And he still had his camera.
In 2008, already an expert navigator of budget rail travel, Qian was struck with an epiphany when he saw Wang Fuchun’s famous photo series “Chinese on the Train” online: “This changed my whole approach. I thought to myself, ‘I can do that.’ I’d only photographed birds and mundane things before, then I remembered the documentaries I liked to watch in the hotel. They all told human stories.”
This was the same year China introduced its first high-speed railway service from Beijing to Tianjin, ushering in an era that Wang would go on to document.
“I went in the other direction,” says Qian, “treading the opposite path from the way the nation was supposedly heading, on the slow, obscure services, the cheap old trains without air conditioners – the ‘green trains’.”
Though Qian says his photography was initially intended to document his nomadism for his own pleasure, when he posted some images on local website Wuxi Citizen Journalism, his intimate, sympathetic portrayal of China’s poor migrant classes caught the eye of Tang Haowu, a Wuxi-born photographer. Tang “was well-known and had already had exhibitions overseas. He saw my work and recommended me to Bao Kun [a prominent Beijing-based art critic and curator, who] was impressed and decided to exhibit my work at Lianzhou [one of China’s most prestigious contemporary photography festivals, held each year in Guangdong province] in 2015. That year I won the [Punctum] grand prize”, says Qian.
The photography world was shocked at the creative depths exhibited by this blue-collar worker hailing from a city best known for manufacturing bike parts.
“Qian wasn’t part of any art circle, he did his photography for photography’s sake, because he liked trains and was interested in people,” says Bao, on the phone from Beijing. “He came across as a common, low-salary worker yet his images captured a realistic, serious and neglected side of China in an insightful way.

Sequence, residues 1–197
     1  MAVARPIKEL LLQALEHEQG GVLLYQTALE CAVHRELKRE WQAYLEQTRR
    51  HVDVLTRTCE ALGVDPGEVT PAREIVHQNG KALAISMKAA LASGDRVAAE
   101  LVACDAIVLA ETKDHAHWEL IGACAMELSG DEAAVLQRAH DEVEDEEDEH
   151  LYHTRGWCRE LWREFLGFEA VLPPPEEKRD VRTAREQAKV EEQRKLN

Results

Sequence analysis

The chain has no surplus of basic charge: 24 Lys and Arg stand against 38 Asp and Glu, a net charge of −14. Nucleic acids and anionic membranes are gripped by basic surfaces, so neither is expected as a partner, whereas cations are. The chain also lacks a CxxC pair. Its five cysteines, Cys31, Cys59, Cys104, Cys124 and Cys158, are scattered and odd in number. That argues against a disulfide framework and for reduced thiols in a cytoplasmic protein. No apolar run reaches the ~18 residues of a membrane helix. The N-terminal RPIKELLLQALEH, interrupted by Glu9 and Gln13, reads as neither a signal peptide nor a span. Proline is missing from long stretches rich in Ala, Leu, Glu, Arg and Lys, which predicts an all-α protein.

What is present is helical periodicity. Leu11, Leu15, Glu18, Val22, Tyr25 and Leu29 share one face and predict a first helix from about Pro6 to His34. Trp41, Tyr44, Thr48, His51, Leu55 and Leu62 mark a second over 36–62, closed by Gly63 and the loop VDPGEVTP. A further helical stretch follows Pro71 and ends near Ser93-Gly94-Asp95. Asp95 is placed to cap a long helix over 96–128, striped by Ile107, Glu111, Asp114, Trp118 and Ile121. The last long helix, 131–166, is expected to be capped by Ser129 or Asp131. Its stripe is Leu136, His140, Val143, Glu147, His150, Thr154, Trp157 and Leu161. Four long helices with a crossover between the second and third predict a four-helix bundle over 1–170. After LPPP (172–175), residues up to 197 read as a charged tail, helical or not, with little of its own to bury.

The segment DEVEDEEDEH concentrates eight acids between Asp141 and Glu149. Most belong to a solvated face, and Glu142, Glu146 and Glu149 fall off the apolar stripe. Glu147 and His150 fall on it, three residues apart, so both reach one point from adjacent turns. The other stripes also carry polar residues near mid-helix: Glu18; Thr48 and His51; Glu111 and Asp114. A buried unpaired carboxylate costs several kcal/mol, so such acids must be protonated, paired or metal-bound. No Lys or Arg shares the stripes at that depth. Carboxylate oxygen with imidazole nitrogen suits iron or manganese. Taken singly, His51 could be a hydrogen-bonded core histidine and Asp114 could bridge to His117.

“The country was undergoing a serious transformation at the time, and government posters were full of aeroplanes, high-speed trains and other icons of growth. Nobody really noticed the old green trains that freight the poor from first-tier cities to the countryside and back again. Many of the top photographers neglected the railway, believing Wang Fuchun had already done it all.”
Though high-speed trains connect Wuxi with Shanghai twice an hour, taking about 45 minutes, Qian has booked cheap seats aboard the K781, a less frequent and slower class of “green train” that takes almost two hours to reach its destination. Having negotiated Wuxi Railway Station’s security checks, he enters a large waiting room complete with all the commercial trappings of modern China, including a branch of Starbucks.
But China’s class-apartheid remains in the form of a separate waiting area, off to the side, where the green-train-travelling poor fondle knock-off mobile phones, or drag sacks bundled together with string. Many sit on the floor, on bamboo mats playing cards, as one might do beside a paddy field or construction site.
“The green trains are often delayed,” says Qian, boarding a train that should have arrived 10 minutes earlier, “but the high-speed train is expensive – business class from Wuxi to Shanghai costs 182.50 yuan [HK$203] whereas third class on the green train costs 19.50. On what I consider to be the real green trains – those without air conditioners or heaters that are put into service around Lunar New Year – the cost would be even lower, around nine yuan.”